- What time commitment does the firm expect from your association? Another red flag to look out for? When the firm wants to work on your reserve study alone, without your board’s input,” said Connolly. “The process of putting together a reserve study involves a lot of collaboration. – it requires input from both your board and management company.”
- How much time will the firm spend on the site inspection? You need to know how long you can expect the reserve specialist to be onsite and how many times they will come back to check information.
- When will you be able to complete the reserve study? Because of new requirements (like the study for structural integrity), many reserve firms are backlogged. It’s important to understand their timeline and yours, so that you are able to complete the necessary steps to remain in compliance.
- What’s included in the reserve study price? It’s important to find out how many revisions the firm will make to the study before adding fees. Be clear on price and what actions will incur extra costs.
- What will the study look like? Get sample copies of the firm’s reports. Different associations prefer different formats, and you should be comfortable with theirs. "Some firms don't include a reserve study review meeting in their pricing structure. Ensure you have one so you can sit down with the reserve specialist to ask questions about the final report.”
4. Check their references.
Once you’ve met the firms you feel might be right for your community, the next step is to check their references. Talk to at least 3 other communities for each firm you’re considering. Don’t be shy about getting in touch with other properties they’ve worked with to get their opinions about the quality, price and speed of the work. How many other firms did the board consider? Why did they make this final choice? Did they wish the firm had done something differently? What did the firm excel at?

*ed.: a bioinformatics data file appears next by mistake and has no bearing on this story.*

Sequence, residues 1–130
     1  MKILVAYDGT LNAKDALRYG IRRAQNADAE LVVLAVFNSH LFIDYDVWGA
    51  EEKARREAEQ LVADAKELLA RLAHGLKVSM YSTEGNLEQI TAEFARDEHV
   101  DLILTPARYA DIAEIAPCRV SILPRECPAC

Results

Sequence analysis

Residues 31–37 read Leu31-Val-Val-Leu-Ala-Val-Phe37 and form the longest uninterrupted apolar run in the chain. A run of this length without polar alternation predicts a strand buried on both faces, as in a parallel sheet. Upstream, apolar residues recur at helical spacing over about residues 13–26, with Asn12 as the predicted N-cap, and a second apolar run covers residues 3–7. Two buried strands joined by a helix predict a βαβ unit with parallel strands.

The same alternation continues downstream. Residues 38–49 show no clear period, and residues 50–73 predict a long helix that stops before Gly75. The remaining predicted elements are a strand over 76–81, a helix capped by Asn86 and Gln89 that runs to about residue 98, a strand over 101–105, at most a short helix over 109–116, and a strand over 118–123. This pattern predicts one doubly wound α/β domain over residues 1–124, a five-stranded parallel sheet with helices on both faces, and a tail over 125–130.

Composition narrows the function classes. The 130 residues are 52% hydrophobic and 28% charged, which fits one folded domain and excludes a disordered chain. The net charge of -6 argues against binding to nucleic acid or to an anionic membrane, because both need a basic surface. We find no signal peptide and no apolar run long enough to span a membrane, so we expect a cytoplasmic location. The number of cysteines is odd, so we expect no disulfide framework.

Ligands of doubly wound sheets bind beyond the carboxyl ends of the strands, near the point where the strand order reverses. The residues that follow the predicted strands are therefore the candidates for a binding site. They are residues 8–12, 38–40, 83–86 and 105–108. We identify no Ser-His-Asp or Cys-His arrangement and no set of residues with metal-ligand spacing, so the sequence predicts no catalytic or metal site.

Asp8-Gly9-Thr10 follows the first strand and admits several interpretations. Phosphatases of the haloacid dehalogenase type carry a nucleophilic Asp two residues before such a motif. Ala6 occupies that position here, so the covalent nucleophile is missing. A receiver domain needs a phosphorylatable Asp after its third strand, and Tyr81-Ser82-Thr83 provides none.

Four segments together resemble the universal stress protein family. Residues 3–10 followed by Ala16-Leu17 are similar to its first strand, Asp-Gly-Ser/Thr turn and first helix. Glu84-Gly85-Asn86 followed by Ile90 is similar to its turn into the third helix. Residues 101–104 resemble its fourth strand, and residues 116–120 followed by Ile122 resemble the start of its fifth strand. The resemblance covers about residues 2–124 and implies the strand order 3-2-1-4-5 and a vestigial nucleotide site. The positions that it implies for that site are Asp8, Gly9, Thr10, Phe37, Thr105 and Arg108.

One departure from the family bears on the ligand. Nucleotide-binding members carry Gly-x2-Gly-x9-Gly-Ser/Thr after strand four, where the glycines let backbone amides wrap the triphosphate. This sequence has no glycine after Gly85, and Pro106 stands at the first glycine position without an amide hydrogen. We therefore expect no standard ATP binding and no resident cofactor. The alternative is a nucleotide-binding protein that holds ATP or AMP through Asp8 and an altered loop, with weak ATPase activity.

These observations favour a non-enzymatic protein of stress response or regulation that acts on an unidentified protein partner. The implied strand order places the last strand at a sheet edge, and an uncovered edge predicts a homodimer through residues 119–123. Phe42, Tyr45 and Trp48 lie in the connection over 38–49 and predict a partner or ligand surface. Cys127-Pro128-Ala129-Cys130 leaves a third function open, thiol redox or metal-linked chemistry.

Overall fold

Ask about building, property inspections and financial challenges. For instance, Connolly said to ask previous clients if the firm stuck to their original price or added on unexpected fees. “It’s important to know how the firm handled issues and challenges when they arose.” She added, “When challenges arise, a reserve study firm must be proactive and calm under pressure.”
5. Compare and contrast.
Spreadsheet lovers will take this one on happily. Create a matrix with everything you want on the columns and what the firms offer on the rows. Who comes in at or under your budget? Who will get the job done on your timeline (or sooner)? Which firm expects the same amount of board and management involvement that you want to provide? Once you have your matrix completed, it becomes a simple chart of pros and cons. Any firm that doesn’t meet your criteria gets dropped and the others are contenders. You have all the tools to make the call on which firm is the best for your community.
After your reserve study is finished, you should feel confident about financial planning for your community. A thorough study will help you set up your maintenance plan, save for repairs and replacements when needed and help keep your community or building financially healthy for years to come.